Arrays are used very often when creating PowerShell scripts, so you need to understand how to work with them. In this article we’ll take a look at the basic examples of using arrays in PowerShell.
Usually an array is a set of elements arranged one after the other in a certain order. Each element of the array has its own sequence number. To access the desired array element, you need to specify its number (index).
Let’s create a simple array with three elements:
$arr1 = "one", "two", "three";
To add a new element to an array, run the following command:
$arr1 = $arr1 + "four"
Let’s display the contents of this array:
You can get the number of array elements using the Length property:
If you need to access a specific element of an array, you must specify its sequence number when accessing it. The index of the elements of the array begins with 0. To refer to the first element of the array $arr1, use the command:
You can also specify a negative value for the sequence number. So, for example, [-1] means the last element of the array:
The last element of the array is also numbered as Length-1 (which is logical, since the numbering starts from zero). This is convenient, since you don’t need to look at the total number of array elements, but simply select a range, for example:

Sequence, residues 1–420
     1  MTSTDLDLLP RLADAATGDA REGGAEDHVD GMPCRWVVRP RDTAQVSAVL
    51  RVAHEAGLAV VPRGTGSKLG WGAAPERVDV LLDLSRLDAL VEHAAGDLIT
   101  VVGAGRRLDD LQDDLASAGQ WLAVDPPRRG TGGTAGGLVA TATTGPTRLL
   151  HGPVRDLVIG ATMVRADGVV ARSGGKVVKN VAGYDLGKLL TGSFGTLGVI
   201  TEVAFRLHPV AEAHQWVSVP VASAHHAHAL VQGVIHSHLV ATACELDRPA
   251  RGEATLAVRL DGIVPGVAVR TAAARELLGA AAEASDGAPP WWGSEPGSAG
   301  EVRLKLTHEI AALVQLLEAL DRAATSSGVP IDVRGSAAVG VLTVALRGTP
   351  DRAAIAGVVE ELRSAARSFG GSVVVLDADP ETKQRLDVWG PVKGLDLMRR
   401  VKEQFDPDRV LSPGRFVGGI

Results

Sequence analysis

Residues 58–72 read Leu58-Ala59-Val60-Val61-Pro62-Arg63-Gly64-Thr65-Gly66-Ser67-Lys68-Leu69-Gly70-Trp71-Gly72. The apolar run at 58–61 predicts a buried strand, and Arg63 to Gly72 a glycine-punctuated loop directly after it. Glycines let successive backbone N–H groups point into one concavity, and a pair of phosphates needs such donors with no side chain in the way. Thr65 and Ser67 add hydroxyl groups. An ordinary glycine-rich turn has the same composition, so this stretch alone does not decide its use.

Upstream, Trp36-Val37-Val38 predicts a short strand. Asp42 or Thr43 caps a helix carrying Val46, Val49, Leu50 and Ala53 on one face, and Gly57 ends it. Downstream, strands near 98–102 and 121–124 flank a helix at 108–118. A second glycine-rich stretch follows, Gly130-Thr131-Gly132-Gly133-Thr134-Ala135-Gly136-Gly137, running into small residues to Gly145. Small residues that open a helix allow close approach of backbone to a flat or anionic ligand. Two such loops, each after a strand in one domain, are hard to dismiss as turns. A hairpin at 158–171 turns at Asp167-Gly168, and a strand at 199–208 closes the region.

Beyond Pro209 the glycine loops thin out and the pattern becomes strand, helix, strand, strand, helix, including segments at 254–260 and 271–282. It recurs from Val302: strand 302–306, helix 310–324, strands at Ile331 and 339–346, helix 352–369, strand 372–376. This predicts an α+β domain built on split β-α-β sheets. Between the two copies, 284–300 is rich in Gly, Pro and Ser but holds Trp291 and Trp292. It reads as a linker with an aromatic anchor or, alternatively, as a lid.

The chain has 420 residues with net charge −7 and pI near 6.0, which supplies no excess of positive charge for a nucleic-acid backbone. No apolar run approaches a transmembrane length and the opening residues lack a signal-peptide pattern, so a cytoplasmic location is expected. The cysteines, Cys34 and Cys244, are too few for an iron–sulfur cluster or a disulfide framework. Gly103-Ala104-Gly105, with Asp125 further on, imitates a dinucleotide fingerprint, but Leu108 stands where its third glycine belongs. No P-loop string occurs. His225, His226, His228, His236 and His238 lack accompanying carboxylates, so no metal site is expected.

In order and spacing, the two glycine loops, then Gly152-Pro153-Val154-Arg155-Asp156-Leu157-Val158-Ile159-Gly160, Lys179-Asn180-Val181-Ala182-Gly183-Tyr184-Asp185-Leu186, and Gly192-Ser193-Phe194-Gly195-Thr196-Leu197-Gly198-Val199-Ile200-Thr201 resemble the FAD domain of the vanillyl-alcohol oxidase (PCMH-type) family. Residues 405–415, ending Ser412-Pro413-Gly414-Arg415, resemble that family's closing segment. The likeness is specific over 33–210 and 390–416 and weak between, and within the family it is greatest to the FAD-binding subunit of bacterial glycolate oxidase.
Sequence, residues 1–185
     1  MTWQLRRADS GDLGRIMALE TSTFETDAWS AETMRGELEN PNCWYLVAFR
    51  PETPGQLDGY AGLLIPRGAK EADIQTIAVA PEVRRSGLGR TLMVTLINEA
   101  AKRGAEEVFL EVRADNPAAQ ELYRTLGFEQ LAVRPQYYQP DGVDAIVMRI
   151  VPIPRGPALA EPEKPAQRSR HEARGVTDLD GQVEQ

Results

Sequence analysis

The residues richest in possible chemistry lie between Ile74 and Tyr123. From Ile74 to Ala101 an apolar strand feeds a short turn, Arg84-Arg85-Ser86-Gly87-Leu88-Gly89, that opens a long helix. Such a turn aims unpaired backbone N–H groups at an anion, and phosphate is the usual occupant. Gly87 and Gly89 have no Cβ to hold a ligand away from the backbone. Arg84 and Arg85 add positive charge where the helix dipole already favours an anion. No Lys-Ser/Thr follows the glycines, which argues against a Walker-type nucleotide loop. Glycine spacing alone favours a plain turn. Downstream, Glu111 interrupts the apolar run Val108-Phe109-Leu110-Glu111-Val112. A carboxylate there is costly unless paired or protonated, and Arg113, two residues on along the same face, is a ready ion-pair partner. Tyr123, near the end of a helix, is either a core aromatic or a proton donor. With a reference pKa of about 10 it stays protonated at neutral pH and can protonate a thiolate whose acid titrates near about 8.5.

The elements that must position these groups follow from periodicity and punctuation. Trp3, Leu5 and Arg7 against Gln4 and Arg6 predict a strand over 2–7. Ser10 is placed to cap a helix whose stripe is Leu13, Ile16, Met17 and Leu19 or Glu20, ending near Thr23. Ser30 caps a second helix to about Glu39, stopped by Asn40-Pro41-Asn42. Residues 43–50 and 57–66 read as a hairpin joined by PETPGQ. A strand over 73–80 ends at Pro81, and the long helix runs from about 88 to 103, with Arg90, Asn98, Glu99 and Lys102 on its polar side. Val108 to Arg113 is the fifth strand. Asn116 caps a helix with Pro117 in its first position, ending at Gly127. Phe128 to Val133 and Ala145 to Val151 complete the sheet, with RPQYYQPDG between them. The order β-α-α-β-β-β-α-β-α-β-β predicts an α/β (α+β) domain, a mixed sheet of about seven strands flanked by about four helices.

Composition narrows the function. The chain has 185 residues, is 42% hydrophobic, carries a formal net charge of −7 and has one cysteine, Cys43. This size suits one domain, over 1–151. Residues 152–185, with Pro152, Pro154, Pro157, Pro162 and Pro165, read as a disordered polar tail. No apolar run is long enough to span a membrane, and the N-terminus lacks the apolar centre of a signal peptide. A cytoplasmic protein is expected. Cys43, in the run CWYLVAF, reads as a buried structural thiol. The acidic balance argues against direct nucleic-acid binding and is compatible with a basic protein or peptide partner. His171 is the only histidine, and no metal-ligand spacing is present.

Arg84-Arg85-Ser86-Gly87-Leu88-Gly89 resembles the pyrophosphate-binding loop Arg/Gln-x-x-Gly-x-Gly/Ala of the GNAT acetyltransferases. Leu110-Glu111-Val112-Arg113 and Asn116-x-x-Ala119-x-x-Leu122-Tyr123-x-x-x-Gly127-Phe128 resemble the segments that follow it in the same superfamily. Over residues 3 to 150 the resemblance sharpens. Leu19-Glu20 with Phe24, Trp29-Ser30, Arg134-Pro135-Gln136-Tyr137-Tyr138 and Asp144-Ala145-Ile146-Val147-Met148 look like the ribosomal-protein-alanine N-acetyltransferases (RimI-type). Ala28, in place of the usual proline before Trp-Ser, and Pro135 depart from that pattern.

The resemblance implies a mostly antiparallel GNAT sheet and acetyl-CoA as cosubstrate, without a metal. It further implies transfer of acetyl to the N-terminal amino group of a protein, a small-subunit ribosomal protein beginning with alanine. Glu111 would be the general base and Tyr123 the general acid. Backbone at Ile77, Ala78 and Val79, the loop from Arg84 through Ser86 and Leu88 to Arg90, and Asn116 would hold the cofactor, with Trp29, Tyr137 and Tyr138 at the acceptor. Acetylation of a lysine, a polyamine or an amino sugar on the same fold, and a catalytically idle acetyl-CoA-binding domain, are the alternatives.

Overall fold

If you need to increase the length of the array, you can use the + or += operators:
In fact, in this case we did not add elements to the existing array, but created a new one into which the contents of the old array were copied and new elements were added.
By the same logic, we can’t remove elements from an already existing array, but we can create a new array and copy all the elements there, except unnecessary ones:
$arr2=$arr1[0,1 + 4..($arr.Length-1)]
It is quite easy to combine arrays:
$arr3=$arr1 + $arr2
To delete an array, use the Remove-Item cmdlet (del alias) and remove the array from the virtual disk named variable.
Each element of the array can have its own type. When working with arrays, remember that by default PowerShell tries to determine the type of data by itself. For example, create a new variable and put a few numbers into it, and then check the data type in the variable:
$arr2 = 1, 2, 3 $arr2.GetType()
As you can see, to create an array we need to assign values to its elements and get an array (System.Array type). But if you put one value into a variable, then PowerShell will not create an array:
$notarr = 1 $notarr.GetType()
As the example shows, PowerShell determines the type of data in a variable, depending on the number of objects. To create an array consisting of one element:
$arr4 = ,1 $arr4.GetType()
By default, all arrays in PowerShell are polymorphic, i.e. can contain elements of different types. If necessary, you can restrict the members of the array to a specific data type (a typed array). For example, you can only specify integer values as array elements:
[int32]$arr5 = 1
And in this way we can define system process as array members:
[System.Diagnostics.Process]$arr6 = Get-Process
You can also create an array with the help of the subexpression operator of the array “@”, which forms the array in any case (even with complete absence of objects). It is very convenient to first initialize the array variable and then add the necessary objects to it without worrying about their number:
$arr0 = @()